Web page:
Take a quick lap around our office and you’ll see a few industrial-sized single-serve coffee brewers; the occasional French press or cold brew drip set up; and of course, vacuum insulated stainless steel travel mugs decorating every desk in various states of fill and refill.
It’s clear that we’re a coffee-centric office, but in recent years, we’ve started hearing more from our tea-drinking colleagues (and customers). They brag about the health benefits associated with tea, like antioxidants, lower risk of stroke and heart disease, and even a lower biological age.
Coffee is no slouch, either. A 2015 Harvard study found that moderate coffee drinkers may be less likely to die prematurely from some diseases (heart disease and type 2 diabetes, for instance) than those who drink less or no coffee.
So, when pitted against each other, which drink should you reach for in the morning to improve your overall health? Here’s what our investigation found.
The Health Benefits of Coffee
Coffee lovers, rejoice: the consensus among doctors and medical researchers seems to be that a moderate amount of coffee each day offers great long-term health benefits.
Like we mentioned before, a Harvard study found that moderate coffee drinkers (defined as 3 to 5 cups per day) are less likely to die from premature death (such as heart disease, neurological disease, and type 2 diabetes) than those who don’t drink or drink less coffee. Caffeine even might have a protective effect against cognitive decline (meaning diseases like dementia or Alzheimer’s).
Coffee can also help you increase your fitness, if you time it to drink and digest before a workout. One recent study found that participants who drank 2.5 cups of java a few hours before working out could sprint 9% further than when they didn’t have coffee. The stimulant effect of coffee works for your brain and your muscles.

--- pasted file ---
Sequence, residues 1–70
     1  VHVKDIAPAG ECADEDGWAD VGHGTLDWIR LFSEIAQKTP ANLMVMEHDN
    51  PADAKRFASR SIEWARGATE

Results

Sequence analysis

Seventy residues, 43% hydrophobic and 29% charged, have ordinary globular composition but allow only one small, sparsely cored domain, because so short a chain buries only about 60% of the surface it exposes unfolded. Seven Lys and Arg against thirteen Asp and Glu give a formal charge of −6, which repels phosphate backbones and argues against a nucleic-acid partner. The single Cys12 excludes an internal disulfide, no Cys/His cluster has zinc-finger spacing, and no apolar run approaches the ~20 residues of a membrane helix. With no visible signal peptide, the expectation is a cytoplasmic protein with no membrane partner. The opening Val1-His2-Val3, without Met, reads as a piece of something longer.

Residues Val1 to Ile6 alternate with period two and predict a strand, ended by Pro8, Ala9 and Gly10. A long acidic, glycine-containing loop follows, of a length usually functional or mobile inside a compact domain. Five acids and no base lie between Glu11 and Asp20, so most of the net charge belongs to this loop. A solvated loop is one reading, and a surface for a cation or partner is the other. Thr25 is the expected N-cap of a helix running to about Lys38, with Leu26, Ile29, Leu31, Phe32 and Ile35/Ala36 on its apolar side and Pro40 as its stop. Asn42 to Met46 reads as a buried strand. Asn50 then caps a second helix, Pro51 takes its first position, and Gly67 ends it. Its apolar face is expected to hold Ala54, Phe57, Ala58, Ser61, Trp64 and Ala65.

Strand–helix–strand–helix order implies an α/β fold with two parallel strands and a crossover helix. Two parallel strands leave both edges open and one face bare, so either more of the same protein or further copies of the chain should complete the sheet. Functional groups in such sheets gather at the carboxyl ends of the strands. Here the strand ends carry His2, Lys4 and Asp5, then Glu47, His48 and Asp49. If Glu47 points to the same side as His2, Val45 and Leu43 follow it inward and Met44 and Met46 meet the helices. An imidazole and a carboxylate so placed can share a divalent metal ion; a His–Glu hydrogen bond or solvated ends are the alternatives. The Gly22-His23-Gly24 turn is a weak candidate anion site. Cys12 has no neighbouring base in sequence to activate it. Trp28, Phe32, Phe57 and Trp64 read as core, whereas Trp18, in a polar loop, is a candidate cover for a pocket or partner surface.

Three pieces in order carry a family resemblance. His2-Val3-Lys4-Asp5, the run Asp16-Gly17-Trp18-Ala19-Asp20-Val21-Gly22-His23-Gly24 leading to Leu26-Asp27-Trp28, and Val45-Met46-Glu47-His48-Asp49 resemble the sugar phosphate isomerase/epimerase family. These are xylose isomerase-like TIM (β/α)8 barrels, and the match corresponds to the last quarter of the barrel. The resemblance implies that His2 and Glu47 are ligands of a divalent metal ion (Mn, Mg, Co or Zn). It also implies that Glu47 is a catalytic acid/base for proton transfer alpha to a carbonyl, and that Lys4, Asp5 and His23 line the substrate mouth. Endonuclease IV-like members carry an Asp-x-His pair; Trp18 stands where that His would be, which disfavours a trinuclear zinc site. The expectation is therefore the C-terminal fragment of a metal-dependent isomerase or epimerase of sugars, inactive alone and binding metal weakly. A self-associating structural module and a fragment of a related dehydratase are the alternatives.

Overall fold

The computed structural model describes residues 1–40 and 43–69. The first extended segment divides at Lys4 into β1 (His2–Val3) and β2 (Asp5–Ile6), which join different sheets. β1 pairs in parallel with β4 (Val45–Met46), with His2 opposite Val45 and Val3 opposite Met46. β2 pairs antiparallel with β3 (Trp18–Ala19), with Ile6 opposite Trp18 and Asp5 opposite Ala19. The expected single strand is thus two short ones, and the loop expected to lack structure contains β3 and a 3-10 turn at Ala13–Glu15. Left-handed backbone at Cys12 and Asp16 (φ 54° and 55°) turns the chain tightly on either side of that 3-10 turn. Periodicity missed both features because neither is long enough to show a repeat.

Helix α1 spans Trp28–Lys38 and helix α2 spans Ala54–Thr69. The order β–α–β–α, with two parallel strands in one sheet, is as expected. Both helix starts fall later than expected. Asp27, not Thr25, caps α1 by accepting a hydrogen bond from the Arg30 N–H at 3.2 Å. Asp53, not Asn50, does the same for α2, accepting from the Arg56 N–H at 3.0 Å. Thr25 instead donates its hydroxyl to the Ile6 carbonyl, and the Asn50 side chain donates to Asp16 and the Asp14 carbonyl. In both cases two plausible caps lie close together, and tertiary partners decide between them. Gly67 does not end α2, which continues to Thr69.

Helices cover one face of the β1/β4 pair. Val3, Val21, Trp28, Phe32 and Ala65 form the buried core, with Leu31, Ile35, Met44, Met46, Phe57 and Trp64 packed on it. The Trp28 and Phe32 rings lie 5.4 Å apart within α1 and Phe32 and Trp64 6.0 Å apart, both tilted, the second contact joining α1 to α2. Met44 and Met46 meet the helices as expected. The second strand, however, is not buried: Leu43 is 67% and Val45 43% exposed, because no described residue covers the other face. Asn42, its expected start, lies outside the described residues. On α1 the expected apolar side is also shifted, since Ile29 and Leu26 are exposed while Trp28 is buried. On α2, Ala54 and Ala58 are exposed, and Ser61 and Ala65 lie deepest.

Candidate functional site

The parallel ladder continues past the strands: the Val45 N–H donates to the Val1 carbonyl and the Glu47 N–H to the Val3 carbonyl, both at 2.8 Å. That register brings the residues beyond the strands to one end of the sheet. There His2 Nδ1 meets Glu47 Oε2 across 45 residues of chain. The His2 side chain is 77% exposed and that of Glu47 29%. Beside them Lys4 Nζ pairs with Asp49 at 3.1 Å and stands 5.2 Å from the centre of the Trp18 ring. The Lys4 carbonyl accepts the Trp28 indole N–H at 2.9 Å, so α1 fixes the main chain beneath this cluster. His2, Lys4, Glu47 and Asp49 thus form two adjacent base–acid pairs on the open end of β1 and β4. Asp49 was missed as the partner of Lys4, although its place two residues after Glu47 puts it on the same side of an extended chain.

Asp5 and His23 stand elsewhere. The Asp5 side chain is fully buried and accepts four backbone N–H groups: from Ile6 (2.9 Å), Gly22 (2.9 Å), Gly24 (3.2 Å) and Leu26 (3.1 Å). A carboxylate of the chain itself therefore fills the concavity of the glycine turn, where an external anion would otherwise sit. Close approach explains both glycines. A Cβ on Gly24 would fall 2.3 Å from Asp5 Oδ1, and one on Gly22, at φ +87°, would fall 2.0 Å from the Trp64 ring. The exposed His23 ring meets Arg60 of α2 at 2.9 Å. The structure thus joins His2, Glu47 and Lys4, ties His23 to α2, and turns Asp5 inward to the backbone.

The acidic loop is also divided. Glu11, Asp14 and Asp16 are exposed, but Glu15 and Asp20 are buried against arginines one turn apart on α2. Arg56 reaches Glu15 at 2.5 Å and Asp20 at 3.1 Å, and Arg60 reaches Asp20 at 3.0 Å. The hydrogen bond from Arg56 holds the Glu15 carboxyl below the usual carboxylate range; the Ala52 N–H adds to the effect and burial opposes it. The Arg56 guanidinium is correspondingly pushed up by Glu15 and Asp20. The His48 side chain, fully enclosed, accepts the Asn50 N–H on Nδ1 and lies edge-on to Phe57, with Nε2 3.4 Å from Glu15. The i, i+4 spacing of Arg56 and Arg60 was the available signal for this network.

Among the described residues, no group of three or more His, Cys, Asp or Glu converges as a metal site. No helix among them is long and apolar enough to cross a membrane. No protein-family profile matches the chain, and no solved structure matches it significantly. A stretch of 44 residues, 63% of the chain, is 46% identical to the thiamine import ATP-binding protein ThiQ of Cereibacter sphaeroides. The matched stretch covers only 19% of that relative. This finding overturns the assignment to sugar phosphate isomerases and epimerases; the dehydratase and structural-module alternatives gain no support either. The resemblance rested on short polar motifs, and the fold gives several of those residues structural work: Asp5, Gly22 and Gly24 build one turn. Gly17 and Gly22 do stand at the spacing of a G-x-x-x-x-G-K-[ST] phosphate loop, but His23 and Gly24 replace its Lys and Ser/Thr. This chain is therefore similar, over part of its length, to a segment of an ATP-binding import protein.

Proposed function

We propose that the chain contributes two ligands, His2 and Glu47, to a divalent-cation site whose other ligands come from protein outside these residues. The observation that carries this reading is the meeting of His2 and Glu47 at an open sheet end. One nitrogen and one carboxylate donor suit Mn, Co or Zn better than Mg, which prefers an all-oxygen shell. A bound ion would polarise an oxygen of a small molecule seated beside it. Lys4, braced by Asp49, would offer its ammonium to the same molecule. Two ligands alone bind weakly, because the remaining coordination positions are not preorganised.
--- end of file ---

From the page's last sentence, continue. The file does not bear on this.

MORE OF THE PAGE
Speaking of, if a straight up boost in energy is what you seek, then it’s no contest: coffee packs a stronger caffeinated punch than tea. One 8oz. cup of tea averages 14 to 61 mg of caffeine, depending on type; meanwhile, the same amount of coffee has 95 mg of caffeine.
The Health Benefits of Tea
Similar to coffee, tea lovers have a lower risk of stroke and heart disease, along with a lower risk of cognitive decline. With tons of antioxidants, a cup of tea is the perfect drink to fight inflammation while strengthening your immune system, and tea drinkers tend to have higher bone density levels and slower rates of bone loss. Plus, it’s more hydrating than coffee.
For those interested in losing a couple of LBs, a recent American Journal of Clinical Nutrition review found that drinking green tea daily could take an inch off your waistline in three months; the EGCG antioxidant and caffeine help shrink fat cells while making muscle cells more active.
Tea is also well-known for its soothing, rejuvenating effect on the drinker. Sounds hippie-dippie, but science backs this up: one study showed that people who drank tea were able to chill out more quickly than those who drank a fake tea placebo (if you’re British, the comforting ritual of making a cup of tea may help even more).
So who wins?
Turns out, coffee and tea are basically equivalent in their health benefits. But here’s the curveball: your drink’s impact on your health has much more to do with the cream, milk, or sugar you add to it, instead of the main component of the drink.
Translation: drink whatever you want, just don’t overload your stainless steel travel mug (or tea infuser) with whole milk, tons of tiny sugar packets, and sugary flavored syrups. Now, go forth and enjoy your hot cup of [insert preferred beverage here].